Bill Sample / December 10, 2018 / Beatrice Cotton
Have you ever taken your car to the shop and said "Gee I dont have money to pay for that new transmission. Can I float you a loan?" or gone to the supermarket and said "Sorry I dont have enough money for this cart full of food. Can I pay you later?" It sounds harsh but veterinarians have businesses to run just like everybody else. And too many with good intentions and big hearts have gotten burned by offering "credit" or "payment plans" to non-paying clients. The result? Its virtually impossible to find a veterinarian willing to offer services today with payment tomorrow. Lets face it quality vet care isnt cheap. Think about it though--would you want it to be? Because if it was cheap--Id be worried. Because it would be your pets health that had to suffer! So how can pet owners save money on their veterinary bills? Pet insurance is one answer but there are many other tips that pet owners simply dont know about it.
You need an understanding with your providers as to when you are going to be paid for your services. Doctors are often not the best businessmen and are sometimes not very good about paying bills on time. Especially when you are first starting your business it is vital that your provider understands when you expect payment and that you have something well written to protect you if you end up with someone interpreting the language of your contract in court. Each year you are in business you find additional things that need to be added to your contract. New situations arise that you realize should be covered in your contract. So how do you cover everything that needs to be covered? You need a list - actually several lists. You need a list of what you feel the providers responsibilities are. You need a list of what you feel your responsibilities are.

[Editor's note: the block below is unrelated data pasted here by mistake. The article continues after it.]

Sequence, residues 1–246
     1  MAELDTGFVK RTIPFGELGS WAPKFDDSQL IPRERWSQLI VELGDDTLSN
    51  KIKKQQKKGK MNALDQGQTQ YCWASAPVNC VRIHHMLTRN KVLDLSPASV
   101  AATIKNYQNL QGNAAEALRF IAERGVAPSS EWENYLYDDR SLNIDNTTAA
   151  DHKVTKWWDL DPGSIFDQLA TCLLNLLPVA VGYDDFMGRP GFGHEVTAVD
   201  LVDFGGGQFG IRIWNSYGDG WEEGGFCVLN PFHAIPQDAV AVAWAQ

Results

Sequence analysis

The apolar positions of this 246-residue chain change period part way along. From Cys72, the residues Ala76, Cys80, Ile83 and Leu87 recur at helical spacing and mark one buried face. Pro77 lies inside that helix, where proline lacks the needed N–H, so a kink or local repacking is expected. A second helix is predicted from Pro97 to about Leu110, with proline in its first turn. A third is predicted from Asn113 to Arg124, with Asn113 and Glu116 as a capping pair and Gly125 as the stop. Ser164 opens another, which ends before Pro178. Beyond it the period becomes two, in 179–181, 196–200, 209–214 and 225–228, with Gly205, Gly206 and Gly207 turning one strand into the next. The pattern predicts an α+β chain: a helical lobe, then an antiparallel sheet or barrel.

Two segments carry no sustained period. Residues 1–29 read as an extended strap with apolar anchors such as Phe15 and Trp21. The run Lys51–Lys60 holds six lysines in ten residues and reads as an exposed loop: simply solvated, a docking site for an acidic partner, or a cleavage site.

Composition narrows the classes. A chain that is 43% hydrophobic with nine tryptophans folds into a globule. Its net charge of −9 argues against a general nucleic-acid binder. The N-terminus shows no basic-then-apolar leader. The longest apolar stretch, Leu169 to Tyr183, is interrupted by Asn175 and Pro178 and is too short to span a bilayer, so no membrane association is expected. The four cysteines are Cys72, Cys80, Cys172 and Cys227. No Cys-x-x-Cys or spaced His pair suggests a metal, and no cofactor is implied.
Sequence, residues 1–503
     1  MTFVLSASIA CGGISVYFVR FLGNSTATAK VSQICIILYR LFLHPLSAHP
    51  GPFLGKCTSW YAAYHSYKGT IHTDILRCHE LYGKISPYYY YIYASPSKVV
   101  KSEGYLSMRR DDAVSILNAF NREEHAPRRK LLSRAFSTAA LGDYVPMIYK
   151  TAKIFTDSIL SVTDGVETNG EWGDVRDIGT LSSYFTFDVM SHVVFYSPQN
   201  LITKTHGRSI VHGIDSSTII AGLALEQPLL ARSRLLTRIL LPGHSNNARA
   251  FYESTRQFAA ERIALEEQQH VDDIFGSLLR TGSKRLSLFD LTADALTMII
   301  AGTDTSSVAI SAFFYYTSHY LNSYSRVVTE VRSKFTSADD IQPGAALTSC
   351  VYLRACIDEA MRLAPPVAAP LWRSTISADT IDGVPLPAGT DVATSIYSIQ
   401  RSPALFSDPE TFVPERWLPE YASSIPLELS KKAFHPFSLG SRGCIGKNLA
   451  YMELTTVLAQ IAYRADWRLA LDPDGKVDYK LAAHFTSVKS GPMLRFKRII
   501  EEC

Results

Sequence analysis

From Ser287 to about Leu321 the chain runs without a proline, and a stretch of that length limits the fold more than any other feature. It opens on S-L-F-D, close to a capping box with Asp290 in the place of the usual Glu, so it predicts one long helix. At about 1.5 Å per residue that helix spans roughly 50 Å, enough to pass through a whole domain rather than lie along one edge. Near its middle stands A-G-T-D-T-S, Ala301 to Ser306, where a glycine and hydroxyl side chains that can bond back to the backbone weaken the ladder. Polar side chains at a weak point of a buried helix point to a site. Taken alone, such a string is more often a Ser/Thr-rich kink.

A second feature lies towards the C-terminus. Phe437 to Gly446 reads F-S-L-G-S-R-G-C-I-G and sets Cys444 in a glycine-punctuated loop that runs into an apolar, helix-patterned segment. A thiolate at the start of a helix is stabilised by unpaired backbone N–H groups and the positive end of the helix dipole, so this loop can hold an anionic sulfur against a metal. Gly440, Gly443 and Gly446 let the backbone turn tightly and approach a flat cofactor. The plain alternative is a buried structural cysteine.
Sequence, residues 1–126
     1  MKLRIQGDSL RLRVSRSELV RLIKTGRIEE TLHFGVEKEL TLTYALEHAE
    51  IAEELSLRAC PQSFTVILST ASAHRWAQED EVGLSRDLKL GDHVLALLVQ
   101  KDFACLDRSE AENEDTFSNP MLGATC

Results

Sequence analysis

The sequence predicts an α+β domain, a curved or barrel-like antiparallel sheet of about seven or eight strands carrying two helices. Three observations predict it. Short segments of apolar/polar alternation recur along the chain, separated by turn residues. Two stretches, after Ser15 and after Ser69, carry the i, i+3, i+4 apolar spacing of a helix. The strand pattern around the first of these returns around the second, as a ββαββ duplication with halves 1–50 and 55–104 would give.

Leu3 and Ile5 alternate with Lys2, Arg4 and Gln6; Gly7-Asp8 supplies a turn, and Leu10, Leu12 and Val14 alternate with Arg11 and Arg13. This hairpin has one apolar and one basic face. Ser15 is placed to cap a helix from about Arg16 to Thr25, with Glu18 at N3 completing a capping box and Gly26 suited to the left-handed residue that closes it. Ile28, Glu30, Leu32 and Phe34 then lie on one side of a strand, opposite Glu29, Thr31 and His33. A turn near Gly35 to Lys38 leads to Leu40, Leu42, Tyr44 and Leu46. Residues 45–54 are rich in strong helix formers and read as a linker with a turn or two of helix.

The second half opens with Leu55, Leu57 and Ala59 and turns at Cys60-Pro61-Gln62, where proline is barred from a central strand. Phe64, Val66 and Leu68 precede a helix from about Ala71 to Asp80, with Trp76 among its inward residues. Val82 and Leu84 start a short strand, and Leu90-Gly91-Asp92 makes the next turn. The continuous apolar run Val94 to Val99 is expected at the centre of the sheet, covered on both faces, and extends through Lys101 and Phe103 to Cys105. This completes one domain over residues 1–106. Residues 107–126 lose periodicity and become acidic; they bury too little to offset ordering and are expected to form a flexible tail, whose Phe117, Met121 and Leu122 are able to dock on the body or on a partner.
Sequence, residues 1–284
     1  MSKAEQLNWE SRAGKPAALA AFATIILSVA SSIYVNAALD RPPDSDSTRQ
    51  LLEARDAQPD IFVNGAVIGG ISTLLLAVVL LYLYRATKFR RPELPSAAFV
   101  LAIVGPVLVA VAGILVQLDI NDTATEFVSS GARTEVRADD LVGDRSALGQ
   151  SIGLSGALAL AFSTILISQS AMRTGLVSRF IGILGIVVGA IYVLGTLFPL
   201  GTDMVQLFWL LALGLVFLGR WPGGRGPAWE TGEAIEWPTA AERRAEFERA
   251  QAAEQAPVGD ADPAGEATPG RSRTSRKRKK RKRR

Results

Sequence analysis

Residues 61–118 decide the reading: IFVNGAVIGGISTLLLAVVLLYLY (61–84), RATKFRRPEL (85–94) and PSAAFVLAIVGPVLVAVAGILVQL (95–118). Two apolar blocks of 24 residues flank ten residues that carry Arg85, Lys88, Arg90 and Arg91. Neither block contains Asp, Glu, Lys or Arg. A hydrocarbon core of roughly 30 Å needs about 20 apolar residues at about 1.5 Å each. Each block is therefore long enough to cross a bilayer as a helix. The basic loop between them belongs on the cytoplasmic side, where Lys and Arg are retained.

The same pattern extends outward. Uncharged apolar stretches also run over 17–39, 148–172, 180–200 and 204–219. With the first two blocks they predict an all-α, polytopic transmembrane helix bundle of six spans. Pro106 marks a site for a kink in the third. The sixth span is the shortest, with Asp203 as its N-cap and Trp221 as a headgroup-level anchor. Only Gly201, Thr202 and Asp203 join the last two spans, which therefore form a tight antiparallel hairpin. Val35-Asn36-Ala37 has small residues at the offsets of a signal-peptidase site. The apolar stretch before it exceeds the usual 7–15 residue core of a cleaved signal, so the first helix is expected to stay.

Days in Accounts Receivable (DAR) A growing number of days in accounts receivable are symptomatic of a faulty billing process. One way to determine DAR is to count days from the date of service to the date of payment for every claim and then average across all claims. A simpler way to compute average number of days in accounts receivable by taking a ratio of accounts receivable to average daily charges or Number of days in accounts receivable = (Accounts Receivable / Average Charge) x 365 This metric too depends on medical specialty patient demographics payer mix and CPT sample. Another downside is that this metric is sensitive to provider as it counts the lag time of unsubmitted claims for services already delivered.